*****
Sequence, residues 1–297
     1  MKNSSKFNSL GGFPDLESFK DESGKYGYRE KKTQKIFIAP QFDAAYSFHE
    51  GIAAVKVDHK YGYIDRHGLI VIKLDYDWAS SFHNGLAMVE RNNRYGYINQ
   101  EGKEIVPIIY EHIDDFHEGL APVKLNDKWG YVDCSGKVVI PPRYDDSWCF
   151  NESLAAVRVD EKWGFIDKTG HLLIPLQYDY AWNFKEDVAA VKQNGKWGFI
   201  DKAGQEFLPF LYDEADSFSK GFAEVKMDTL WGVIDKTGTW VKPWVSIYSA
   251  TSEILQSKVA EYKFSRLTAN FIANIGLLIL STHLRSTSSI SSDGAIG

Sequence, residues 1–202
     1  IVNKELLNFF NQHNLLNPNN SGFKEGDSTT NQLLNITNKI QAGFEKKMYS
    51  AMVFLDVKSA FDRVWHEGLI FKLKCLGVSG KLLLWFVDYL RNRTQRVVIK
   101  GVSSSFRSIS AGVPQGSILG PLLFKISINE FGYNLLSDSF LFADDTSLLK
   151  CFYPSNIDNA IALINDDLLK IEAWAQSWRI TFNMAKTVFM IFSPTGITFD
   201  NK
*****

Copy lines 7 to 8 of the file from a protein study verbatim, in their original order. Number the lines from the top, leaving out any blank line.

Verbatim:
   251  TSEILQSKVA EYKFSRLTAN FIANIGLLIL STHLRSTSSI SSDGAIG

Sequence, residues 1–202